Mental health, like physical health is not always stable. There is a great deal of mental illness in our society. A friend of mine said to me that we don’t have to worry about the ones who take the medication – we have to worry about the ones who don’t. So if we are stable prior to SHFT but soon run out of medication, how will that affect our ability to survive. When there are no more happy pills, will we just curl up in a ball and wish for it all to be over? Now’s the time to be looking into reducing our dependence on drugs.
Ten blog posts that you may have missed, skipped over or just didn’t read for whatever reason. But today, I’m giving you another chance – please read and tell us what you think…
As preppers we have to prepare ahead. We have to look ahead and notice any potential problems and deal with those problems. Foot problems are one such area. That is my goal today, to have you merely recognize your feet for the next few minutes. This is about taking care of your FEET now, not later, and some downright simple solutions that will keep you walking for the long haul. Read along and learn how to save your feet for only $20.
You have your “bug out / get home” bag, lying next to your desk in your “cage” cubicle; the breath has just been knocked out of you like a sucker punch from Hell! You say a quick prayer and then leap into action. Your are doing all types of mental gymnastics in order to try and remember what to take with your or what you will need to hunker down and you realize, there are 3 diapers in the house, the last pint of “Simalac” has just been tapped, and your know you are out of Ritz crackers and Oreo’s, and you do not see yourself faring well if you return home without these life sustaining staples.
Today’s non-fiction writing contest entry was written by Deb S “We live in a small house. As soon as we can afford to buy land, we’ll start prepping.” I’ve heard that excuse and similar remarks from people who incorrectly believe disaster preparedness requires owning ten acres in a remote location. I use the word […]
So, it’s 5:55pm and since it is late November it is already dark. The power goes off while I’m on the computer in the front part of the house. My wife is in the living room in the back part of the house. I don’t know why this came as a surprise to me but, it did…. it is pitch black in my house with no lights! For the first few seconds I just sat there waiting to see if the power would come back on. After about a minute I decided it wasn’t coming back real soon and I figured I needed to do something to get some light in the house. The problem was I could hardly see to get out of my chair much less out of the room and down the hall to the living room. Luckily I had my cell phone with me and I used it as a flash light to get to the living room to make sure my wife was alright.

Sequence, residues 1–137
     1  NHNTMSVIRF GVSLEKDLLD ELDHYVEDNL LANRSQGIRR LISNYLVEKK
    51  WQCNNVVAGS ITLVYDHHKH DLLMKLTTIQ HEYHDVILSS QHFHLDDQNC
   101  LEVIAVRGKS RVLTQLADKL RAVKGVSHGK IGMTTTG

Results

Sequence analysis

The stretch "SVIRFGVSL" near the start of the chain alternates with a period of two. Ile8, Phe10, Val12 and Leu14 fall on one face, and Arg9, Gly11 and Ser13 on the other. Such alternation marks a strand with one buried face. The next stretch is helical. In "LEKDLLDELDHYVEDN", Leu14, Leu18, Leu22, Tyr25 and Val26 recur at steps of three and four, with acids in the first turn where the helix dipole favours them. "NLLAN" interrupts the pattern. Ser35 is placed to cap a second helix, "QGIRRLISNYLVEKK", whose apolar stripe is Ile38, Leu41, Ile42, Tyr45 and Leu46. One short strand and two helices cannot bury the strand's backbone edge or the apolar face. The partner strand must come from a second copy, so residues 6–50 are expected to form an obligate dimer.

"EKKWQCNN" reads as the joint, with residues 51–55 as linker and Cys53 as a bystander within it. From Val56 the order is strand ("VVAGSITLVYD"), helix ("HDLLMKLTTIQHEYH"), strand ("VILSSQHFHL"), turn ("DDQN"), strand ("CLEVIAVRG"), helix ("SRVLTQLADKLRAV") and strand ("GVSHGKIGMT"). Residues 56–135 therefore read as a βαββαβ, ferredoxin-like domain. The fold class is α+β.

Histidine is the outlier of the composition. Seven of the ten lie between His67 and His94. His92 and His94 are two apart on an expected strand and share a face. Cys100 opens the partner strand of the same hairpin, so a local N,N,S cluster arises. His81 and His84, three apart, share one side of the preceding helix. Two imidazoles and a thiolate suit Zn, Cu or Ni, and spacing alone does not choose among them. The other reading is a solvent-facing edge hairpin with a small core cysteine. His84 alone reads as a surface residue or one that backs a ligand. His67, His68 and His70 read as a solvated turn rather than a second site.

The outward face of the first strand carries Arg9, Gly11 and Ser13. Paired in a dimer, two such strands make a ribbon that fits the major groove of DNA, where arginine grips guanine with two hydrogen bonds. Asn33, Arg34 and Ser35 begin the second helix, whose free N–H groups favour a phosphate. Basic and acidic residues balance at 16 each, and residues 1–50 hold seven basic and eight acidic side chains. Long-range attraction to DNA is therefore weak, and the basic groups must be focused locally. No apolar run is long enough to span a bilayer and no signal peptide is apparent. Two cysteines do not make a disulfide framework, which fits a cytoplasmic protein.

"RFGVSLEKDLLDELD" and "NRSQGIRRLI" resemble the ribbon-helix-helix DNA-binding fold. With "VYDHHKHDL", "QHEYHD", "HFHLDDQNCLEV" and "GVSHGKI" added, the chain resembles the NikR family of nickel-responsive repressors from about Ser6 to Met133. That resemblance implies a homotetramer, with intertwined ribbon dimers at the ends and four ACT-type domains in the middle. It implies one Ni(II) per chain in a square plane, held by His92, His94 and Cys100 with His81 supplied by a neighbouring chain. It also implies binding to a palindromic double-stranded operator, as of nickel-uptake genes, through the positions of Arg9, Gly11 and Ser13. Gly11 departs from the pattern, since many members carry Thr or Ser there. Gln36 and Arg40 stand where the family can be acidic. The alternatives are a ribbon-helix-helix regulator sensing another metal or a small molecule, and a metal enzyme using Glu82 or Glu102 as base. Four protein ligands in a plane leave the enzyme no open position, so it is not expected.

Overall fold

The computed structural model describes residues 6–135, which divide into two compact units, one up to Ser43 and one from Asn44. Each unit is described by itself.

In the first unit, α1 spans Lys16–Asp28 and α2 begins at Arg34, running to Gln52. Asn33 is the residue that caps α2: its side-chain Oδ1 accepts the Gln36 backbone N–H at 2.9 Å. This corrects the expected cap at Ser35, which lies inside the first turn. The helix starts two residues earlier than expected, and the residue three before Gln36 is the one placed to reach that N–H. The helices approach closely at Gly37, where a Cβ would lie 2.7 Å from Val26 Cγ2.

Remember the number one rule of survival: When the disaster occurs, the time for preparation is over. Those who fail to plan have planned to fail. Planning and training allow you to overcome fear; both yours and others’ around you. Survival is not “water cooler politics” – where everyone runs their mouth about things they know nothing of – where they repeat endlessly what others told them while never thinking about it themselves. Survival requires thought, a plan. And that means writing it down.
It’s strange how a person’s attitude and perception about an issue can change in the time frame of a minute. A few months ago I was reading on several “Prepper” blogs about the reluctant spouse. For me it was my wife who thought that having a food and water storage for an emergency would clutter up her house and was unnecessary after all Costco and Sam’s as well as Carrs / Safeway, Freddie’s (Fred Meyer) are all just down the street.
The time came for me to take a serious look at my personal readiness. I wanted to be prepared for any scenario my mind could conceive and some circumstances I hadn’t thought about. After considering myself to be a frugal person most of my life, then realizing I had been a prepper for most of that life, I took it upon myself to really get involved in my survival. After all, living day to day in today’s world can certainly be considered a measure of survival.
I took the first step and did my due diligence. I researched what it meant to become a prepper and read numerous articles on the subject. I, searched various websites, trying to find the one website that offered the most amount of information, moral support, ideas and conversations with like minded people, without having to continually surf from one site to another.
I made my lists, checked them twice and three times, and started getting what I thought was better organized. I performed several small tasks around my home that made me begin to feel more prepared, more secure and safer. And I started feeling like I was actually doing something to ensure my survival in the event of some unforeseen emergency.
Today’s non-fiction writing contest entry was written Judy W On August 18 I received an email about a group of Survivalist nationwide going off the grid for the weekend of the 22 the 23 ,the 24.It said,no electric,no,cell,no Internet, no city water, no gas stations, no stores. My first thought was yes – Great idea! I believe in […]